Privilege is the absence of inconvenience, impediment, or challenge. So when we are talking about somebody privileged, it is not an insult or accusation at all. It turns out that people can be from different social classes, economic levels, and can live with diseases or disabilities. Privileged people are not better or worse. I would say that they are fortunate to be it.
So the absence of inconveniences or impediments is what makes us privileged compared to others that suffer from them. And when we have it, when we are privileged, we don’t notice it. But when it’s absent, it could affect everything you do.
For instance, a person who lives with a wheelchair is affected by its disability in everything that does, and people barely know how hard it is. We could say that people who don’t need a wheelchair to live are privileged.
In the case of white privilege, it means that our skin color could bring privileges or absence of impediments when it is white compared to other tones. It is not fair, but I think we all agree that it is true. It happens. That doesn’t mean that white people haven’t hard lives. What it means is that your skin color is not the cause of your hardship or suffering.
The goal of the video is to understand the meaning of privilege, not as an accusation. And learn to embrace it, without rejection, without getting defensive. Ignoring it raises the chance to exclude people in ways that are not obvious.
Sure everybody has problems, maybe a hard life, challenging moments, but this is not what this is about. Having privileges doesn’t keep you away from life problems. But understanding the differences benefits us.
It helps us to understand why some people’s lives are harder than they should be, it helps us to be aware of it, helps us to be closer to people who are different from us, it helps us to treat others differently, and in general, having this in mind should help us to build a fairer and equal society.
💓 On resilience and quality of life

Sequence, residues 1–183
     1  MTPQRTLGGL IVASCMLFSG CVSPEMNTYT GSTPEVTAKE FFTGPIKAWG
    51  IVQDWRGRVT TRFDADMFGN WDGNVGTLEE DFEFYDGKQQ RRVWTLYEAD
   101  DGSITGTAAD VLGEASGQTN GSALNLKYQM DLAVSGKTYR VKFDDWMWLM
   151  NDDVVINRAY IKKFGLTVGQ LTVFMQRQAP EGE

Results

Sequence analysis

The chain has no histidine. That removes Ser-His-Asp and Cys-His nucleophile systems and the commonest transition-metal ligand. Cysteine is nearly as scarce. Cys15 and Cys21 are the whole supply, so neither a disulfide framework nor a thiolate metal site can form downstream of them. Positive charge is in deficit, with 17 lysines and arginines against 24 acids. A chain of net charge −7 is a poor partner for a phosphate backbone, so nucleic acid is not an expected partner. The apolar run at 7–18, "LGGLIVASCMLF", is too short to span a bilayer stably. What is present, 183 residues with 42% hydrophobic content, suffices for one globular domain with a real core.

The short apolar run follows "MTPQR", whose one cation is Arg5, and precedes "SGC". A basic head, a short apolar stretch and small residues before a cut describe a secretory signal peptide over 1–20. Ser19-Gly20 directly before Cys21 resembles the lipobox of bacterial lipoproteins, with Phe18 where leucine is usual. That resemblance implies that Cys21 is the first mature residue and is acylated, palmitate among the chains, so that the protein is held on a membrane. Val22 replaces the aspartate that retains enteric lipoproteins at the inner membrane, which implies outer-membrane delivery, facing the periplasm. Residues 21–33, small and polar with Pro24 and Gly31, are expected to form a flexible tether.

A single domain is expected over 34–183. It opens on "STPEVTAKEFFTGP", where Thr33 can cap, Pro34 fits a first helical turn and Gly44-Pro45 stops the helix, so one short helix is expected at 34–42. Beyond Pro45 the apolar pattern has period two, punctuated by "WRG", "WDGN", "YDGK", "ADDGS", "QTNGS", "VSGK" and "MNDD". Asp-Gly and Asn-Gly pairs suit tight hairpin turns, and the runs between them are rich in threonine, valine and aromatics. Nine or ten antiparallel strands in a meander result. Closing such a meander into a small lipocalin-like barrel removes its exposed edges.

In the following post, John Ballard analyzes a 2016 article on resilience published in the journal Explore by Michael Aquilino.
Why is it that some people can take the difficult experiences of work and life and roll with them, even gain strength from them, while others are overwhelmed and deeply stressed?
In the post, you’ll find that Aquilino suggested that a significant factor in the quality of “one’s life experience” is resilience. And John makes some suggestions, inspired by it.
As John also shares, I would argue that resilience makes a difference in the quality of life in tough circumstances, both ours and others.
👋 Know When It's Ok to Quit
I saw by chance this tweet from Vala Afshar sharing a page from the book Disrupt Yourself, With a New Introduction: Master Relentless Change and Speed Up Your Learning Curve by Whitney Johnson, author, CEO, business thinker, Thinkers50.
Vala was sharing Seth Godin's answer Winners quit all the time. They just quit the right stuff at the right time, answering to famous football coach Vince Lombardi's quote Winners never quit. It was an excellent answer from Seth, setting the virtue in leaving at the right moment.
Besides, I also shared the following excerpt: "If you are pursuing a goal that is constantly frustrating, you will be less successful in goal attainment in other areas of life. In these instances, quitting would be the smart choice. It's important to dream, and it's important to know when to find a new dream.".
If you read the whole page, this results from research where they found that people who never give up on goals that were not the right goals showed an increase of an inflammatory protein linked to several diseases.
By the way, if you’re looking for a podcast to give a try, you would probably be interested to check Whitney’s Disrupt Yourself.
📚 Book and bloggers resources
In this newsletter, I am going to share three resource links.
The first one is Pat Kua’s blog post with book recommendations by Engineering Leaders. If you’re looking for book recommendations about Business and Product, Leadership, and Software engineering, you’ll find several ideas in this post. And also, you’ll find the original twitter thread that fed the post.
The second resource link is this twitter thread by Monica Lent, who was looking for tech blogs with a “distinct writing style” with a “unique personality voice”. Another resource full of good places to find interesting topics to read.
Last but not least is this entrepreneurship notion page, with a list of websites that could help promote your online business. Logology founder looked for websites where to publish and get users and also build SEO. He ended with a list of 100+ websites, Reddit subs, and slack communities, and decided to share with the world.
😞 Disappointment can kill
That research blew my mind. Winners live longer than people who finish in second place. It could make sense. But when analyzed with the Olympics, it turns out that people who finish in second place live less than the thirds.
So as the tweet states, disappointment can kill. Especially in competition. Maybe we should be taught more to celebrate any success and less to compete with others. Regarding life, it could help us to live longer!
In the thread, you’ll find the link to access the papers.
That’s it! Thanks for reading. I hope you liked it!